Report of SCIPD visit to Brussels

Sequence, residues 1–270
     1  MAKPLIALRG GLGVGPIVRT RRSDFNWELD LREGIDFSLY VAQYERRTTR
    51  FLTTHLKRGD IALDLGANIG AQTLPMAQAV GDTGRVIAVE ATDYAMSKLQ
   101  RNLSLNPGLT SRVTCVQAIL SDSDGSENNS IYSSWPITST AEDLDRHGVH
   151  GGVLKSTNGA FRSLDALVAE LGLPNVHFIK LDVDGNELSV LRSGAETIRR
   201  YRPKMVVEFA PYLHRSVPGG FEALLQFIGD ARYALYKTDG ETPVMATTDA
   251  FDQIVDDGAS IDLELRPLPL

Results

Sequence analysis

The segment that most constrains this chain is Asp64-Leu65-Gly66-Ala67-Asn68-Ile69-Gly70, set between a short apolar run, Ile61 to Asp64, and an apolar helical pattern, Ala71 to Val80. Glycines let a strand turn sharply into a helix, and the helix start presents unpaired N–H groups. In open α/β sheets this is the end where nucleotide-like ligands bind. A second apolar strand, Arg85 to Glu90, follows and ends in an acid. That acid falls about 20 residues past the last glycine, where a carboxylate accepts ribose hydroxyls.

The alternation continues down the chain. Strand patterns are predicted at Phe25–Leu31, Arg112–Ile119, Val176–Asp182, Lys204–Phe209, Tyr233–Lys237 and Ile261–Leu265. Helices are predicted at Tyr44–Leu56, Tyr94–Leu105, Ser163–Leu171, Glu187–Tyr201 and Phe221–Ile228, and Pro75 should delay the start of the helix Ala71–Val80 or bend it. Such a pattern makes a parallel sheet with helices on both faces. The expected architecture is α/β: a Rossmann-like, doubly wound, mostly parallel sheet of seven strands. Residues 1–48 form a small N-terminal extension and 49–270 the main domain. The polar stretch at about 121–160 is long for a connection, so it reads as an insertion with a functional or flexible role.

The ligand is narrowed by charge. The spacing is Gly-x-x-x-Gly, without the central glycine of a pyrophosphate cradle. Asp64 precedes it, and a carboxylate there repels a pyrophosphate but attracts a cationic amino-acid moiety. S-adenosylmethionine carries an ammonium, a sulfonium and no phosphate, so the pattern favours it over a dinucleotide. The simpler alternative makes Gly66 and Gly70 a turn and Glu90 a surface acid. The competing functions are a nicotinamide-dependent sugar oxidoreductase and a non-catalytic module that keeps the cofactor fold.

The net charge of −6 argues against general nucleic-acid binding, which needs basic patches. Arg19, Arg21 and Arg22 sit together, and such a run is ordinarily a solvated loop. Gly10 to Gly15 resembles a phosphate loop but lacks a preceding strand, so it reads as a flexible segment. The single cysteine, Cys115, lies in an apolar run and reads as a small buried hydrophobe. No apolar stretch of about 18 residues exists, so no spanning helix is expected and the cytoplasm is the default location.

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Final Report – Grant Fraser SCIPD visit to Brussels, March 2008 Background In March 2008, I took part in a visit to Brussels organised by SCIPD and LTS to gain greater awareness of the European Union, its institutions and the kind of pan-European opportunities which are available to both educators and our pupils. It was an extremely interesting and informative visit which allowed me to gain a greater insight into the kind of role the EU actors can play within the sphere of education and it also heightened my awareness of the various EU institutions and the kind of influence Scotland has, both as part of the UK delegation and as a nation acting in its own interest. As part of the visit, we were received by Scotland Europa (the Scottish Government’s delegation to the European Union), Schoolnet and the European Parliament, in which we spoke to Ian Hudghton MEP (SNP), Struan Stevenson MEP (Conservative) and David Martin MEP (Labour). We were also invited into a committee chamber to watch a committee session on aquaculture which was co-chaired by Elspeth Atwooll MEP (Lib Dem), in which the Spanish chair halted proceedings for a moment to welcome us all personally. As a modern languages teacher, this was one of my personal highlights as I was able to watch the interpreters at work, and see for myself how, without language graduates, the whole European Union would cease to function smoothly. Another highlight was seeing the collegiality among the various Scottish MEPs. Although they have very different views on many things, and sit in different parliamentary groupings, they are still able to work together as a team to defend and promote Scotland’s interests whenever necessary. Impact on personal CPD International education and the European context have long been areas of interest for me, so it has been extremely beneficial to me on a personal and professional level to further my own understanding of European programmes and initiatives and to find ways of incorporating these programmes and themes into the classroom. The session on writing Comenius applications was particularly useful as it provided clear advice and tips on how to approach the application process for Comenius, by people who actually vet the applications and award the funding. It has given me a much clearer understanding of the application procedure, of the kinds of partnerships which are most likely to attract funding and this knowledge can only be beneficial to myself and to the school in general in the event that we should decide to make a Comenius schools application in the future. The schoolsnet session was also very interesting as it provided us with information on European competitions and projects which I was not aware of, and which could easily be incorporated into different parts of the curriculum. Indeed, the European Development Youth prize ties in neatly with a cross-curricular project we are working on to do with fairtrade and francophone Africa. Also awareness has been raised about the particular problems of Africa by some of our pupils having been on a trip to Tanzania in summer 2008 as well as those who have taken part in Model United Nations conferences and debated and tried to seek answers to some of the problems faced by Africa. Whole-school / Authority Impact On a whole-school level, this trip has been beneficial as it has provided greater awareness of programmes and funding available to the school to supplement and enhance the good practice already going on. Staff within the school are also more aware of international CPD opportunities provided by LTS, SCIPD, Comenius and other actors through better communication of these kinds of opportunities. On a departmental level in Modern Languages, it has given us the impetus to deepen our eTwinning projects with our partner school in France across S1 to S4, which may eventually lead to pupil exchanges and/or building on the existing links to engage in a Comenius project by bringing other partners on board. It is also my intention to re-engage with our existing eTwinning link with a school in Spain with next year’s new S3 beginners Spanish class. At local authority level, the session on Comenius applications was particularly useful as, following my participation in this trip, my attendance at a briefing on the new Comenius Regio programme and follow-up discussions with the international education quality improvement officer, Perth & Kinross is looking to apply for funding for a Regio project for 2009-11, which will most likely build on exisiting twin-town links with Bydgoszcz in Poland. Added-value for pupils It is hoped that pupils will continue to see the benefits of participation in projects such as these, that they will gain a greater understanding of what it is to be a citizen of Europe and that they will be keen to take opportunities for themselves to discover other countries, cultures and languages. Expanding our links with our eTwinning partner in Rambouillet has been a big success with many classes from S1 to S4 exchanging letters and thus deepening person to person exchanges. They are also involved in using a shared blog at http://www.perthrambouillet.blogspot.com where some class projects are done, such as a recent one where classes in both Perth and Rambouillet looked at stereotypes about each other’s country. They have the opportunity to use their language skills, ask questions about life in the partner country and have these questions answered by people their own age, instead of by their teachers. Our pupils, and those in Rambouillet, have found this project particularly motivating, and we certainly hope to be able to build on these links to improve pupils’ experiences. Participation in projects such as Spring Day, Futurenergia and the Development Youth Prize over the coming year will also help to expand European opportunities for our pupils and hopefully help embed the notion of celebrating diversity and difference, while at the same time acknowledging a shared European identity and the importance of understanding and knowing about our neighbouring countries. As we move into the period of the year in which our young people are beginning to choose their courses for next year, given that curriculum flexibility will make study of a language optional in our school for the first time in some twenty years, we are confident that such experiences will help pupils realise that study of a European language is important and that numbers choosing languages will be buoyant, particularly as we are in the strong position of being able to offer French, German, Spanish, Italian and Gaelic at various levels. European values and international opportunities are important to us as a school and I firmly believe that our pupils will continue to gain added-value from the various projects undertaken and opportunities available to them. Dissemination Following this visit, I have strived to improve communication to staff about international CPD opportunities and increase awareness of projects which may be of interest to other departments. For example, Futurenergia certainly appeals to pupils doing chemistry and physics and also to those doing technology subjects. Xperimania and Xplora can be used by the science departments and Spring Day could be an excellent collaboration between languages and modern studies. Indeed, much of the information and many of the online tools are ideal for use in the modern studies classroom. The art department has a strong international focus and was very interested in the development youth prize and are looking to possibly get on board this year. I have spoken to staff about some of these opportunities on an informal level and continue to pass on any relevant new information I get from LTS as regards courses and projects. I am also the lead contact person in the school when it comes to international education and international projects and opportunities. Following discussions with the QIO, it is planned that an authority level international education working group will be set up during 2009 to help the authority take forward its international education plan. This will help to promote dissemination of these kinds of opportunities and projects, not just within one school, but across the whole authority, allowing more of our young people to access and participate in the many opportunities available to them. Conclusion This study trip has allowed me to develop and improve my own understanding of European projects and opportunities for our pupils. It has allowed me to see the active role that the European Union can play in supporting education across the member states, and that it is up to us to harness these excellent opportunities for our pupils. It has been my pleasure to share these opportunities and projects with colleagues in order that pupils right across the school, whether sitting in a French classroom or a chemistry classroom might benefit from the added-value that the European dimension can bring to their education. It has also helped underline the message that language teachers continually try to get over to their pupils and that is that in the European Union, where you can live, study and work freely in any member state, we need to actively learn other languages in order to take advantage of the opportunities available to us. If our young people do not take these opportunities, and everyone else does, we just fall further and further behind. Especially in today’s global employment marketplace, our young people need a good knowledge of another language, not to stand out from the crowd, but to be on a level-footing with bi-, tri- and multi-lingual candidates from other member states.